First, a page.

The president of Australian Red Cross, Ross Pinney, congratulated Cootamundra Red Cross on its 100th year of 'active service' at a lunch at the Country Club on Wednesday.
Mr Pinney said the essence of Red Cross was "people helping people", and Cootamundra could celebrate 100 years of compassion, kindness and dedication of members, volunteers and staff.
Delivering his keynote address at the luncheon, Mr Pinney said the Cootamundra branch had been there across the decades, "through the tears and laughter, triumphs and struggles", helping people no matter who or where they are.
Acknowledging the difference Red Cross was making every day in Cootamundra, he noted the staff and volunteers of the Red Cross shop this year had been awarded the Cootamundra Development Corporation award for community contribution.
"You send clothing to Africa through Romeo Remi, a Nigerian Australian who collects it and takes it to his homeland delivering it to people there in small hamlets," he said.
"You send toiletries to victims of violence and women in refuges in Wagga Wagga and sanitary packs to women in Cambodia through Free to Shine. You send bonnets and booties for newborns to the local hospital and library bags for students at primary schools.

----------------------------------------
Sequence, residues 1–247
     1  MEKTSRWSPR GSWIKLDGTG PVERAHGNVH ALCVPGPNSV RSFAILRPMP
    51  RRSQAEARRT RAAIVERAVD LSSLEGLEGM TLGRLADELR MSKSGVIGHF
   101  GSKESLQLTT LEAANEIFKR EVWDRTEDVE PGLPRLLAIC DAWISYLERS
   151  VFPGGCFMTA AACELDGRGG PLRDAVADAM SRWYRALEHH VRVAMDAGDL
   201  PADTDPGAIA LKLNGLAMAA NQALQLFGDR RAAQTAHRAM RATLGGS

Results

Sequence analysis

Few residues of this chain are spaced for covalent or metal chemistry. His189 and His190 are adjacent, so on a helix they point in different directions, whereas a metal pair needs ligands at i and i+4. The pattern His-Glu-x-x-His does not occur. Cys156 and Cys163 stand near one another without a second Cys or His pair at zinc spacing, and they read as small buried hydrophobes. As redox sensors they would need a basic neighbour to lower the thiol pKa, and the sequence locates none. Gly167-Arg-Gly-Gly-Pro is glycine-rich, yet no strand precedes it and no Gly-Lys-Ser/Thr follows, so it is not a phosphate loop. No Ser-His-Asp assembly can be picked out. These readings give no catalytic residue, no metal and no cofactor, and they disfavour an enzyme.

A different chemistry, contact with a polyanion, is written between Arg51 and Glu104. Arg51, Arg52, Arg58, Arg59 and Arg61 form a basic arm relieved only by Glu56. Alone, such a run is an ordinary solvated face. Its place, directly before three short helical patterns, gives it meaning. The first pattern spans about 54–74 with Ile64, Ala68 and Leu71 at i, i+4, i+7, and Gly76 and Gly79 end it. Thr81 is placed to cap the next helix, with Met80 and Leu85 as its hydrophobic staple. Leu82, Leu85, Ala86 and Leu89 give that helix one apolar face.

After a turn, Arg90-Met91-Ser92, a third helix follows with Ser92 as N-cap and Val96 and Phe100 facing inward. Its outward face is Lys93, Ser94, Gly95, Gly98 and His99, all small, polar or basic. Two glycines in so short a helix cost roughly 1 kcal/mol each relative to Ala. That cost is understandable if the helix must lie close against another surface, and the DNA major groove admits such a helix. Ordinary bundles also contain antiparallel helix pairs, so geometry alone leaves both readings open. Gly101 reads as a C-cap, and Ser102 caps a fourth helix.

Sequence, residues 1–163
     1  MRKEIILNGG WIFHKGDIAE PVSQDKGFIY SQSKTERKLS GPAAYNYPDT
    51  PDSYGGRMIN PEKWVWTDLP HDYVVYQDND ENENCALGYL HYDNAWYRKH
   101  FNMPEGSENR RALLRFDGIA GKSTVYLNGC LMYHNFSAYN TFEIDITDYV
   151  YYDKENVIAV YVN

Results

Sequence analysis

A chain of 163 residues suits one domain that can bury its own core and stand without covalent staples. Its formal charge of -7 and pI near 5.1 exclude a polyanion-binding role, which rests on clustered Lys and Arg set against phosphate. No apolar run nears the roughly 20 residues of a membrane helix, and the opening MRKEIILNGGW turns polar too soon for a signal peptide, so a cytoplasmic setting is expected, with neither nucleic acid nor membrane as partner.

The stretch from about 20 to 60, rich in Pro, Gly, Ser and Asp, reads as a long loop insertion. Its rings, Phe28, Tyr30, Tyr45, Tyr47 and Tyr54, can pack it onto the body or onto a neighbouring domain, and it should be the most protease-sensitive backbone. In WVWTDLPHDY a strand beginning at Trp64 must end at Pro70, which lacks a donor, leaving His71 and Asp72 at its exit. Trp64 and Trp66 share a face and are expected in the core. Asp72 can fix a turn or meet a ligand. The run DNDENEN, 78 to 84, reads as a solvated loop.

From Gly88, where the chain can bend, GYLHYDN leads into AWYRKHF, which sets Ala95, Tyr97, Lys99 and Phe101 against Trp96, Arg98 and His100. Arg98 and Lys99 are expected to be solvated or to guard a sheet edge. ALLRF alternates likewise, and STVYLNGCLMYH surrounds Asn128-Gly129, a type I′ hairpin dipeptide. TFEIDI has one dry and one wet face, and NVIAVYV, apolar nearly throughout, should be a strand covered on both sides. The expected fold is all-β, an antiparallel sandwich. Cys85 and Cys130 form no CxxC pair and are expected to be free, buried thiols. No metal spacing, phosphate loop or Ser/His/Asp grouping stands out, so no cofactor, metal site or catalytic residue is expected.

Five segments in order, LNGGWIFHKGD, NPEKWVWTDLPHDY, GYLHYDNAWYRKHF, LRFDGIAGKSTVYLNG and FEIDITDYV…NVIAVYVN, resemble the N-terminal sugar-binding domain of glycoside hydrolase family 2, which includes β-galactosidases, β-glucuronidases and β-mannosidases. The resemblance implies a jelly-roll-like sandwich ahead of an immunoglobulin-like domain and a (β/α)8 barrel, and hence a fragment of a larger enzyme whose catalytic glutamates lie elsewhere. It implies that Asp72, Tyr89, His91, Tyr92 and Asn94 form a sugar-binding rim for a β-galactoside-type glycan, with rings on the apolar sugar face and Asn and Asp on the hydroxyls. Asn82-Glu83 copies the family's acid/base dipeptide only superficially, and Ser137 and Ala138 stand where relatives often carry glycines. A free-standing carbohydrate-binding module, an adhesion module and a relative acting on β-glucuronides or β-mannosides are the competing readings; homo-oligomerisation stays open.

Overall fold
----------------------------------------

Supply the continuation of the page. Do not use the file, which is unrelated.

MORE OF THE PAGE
"You partnered with the Country Women's Association to send hampers to drought-stricken farmers.
"It's heartbreaking to see our fellow Australians facing one of the longest and cruelest droughts we've ever seen, and it's also inspiring to watch the human spirit in the face of adversity, our staff and volunteers delivering hampers to farmers, providing cups of tea and coffee and a friendly ear.
"The Cootamundra branch is so active in the community, it's amazing what an impact you have.
"You show us how you are adapting, being spontaneous and resourceful in an ever-changing world while staying true to what we stand for and delivering what the red cross emblem demands of us."
The CEO of Red Cross Australia, Judy Slatyer, also addressed guests at the lunch, presenting certificates of appreciation to seven people who have served locally for more than 15 years.
Ms Slatyer said the first support on record for the Red Cross in Cootamundra was the sale every year of sprigs of wattle.
Although no records exist, it is thought the Cootamundra branch was established at the beginning of WWI in 1914 but was disbanded after eight years, in 1922.
It then reformed in 1927, adding up to 100 years this year.
The centenary lunch was attended by 60 guests, including branch members from Junee/Illabo, Yass, Gundagai and Wallendbeen.
Among mementos on display was a photo of Una Sides, who joined the Red Cross in 1924 at the age of five and was a member for an astounding 70 years, earning a gilt rosette in 2003.
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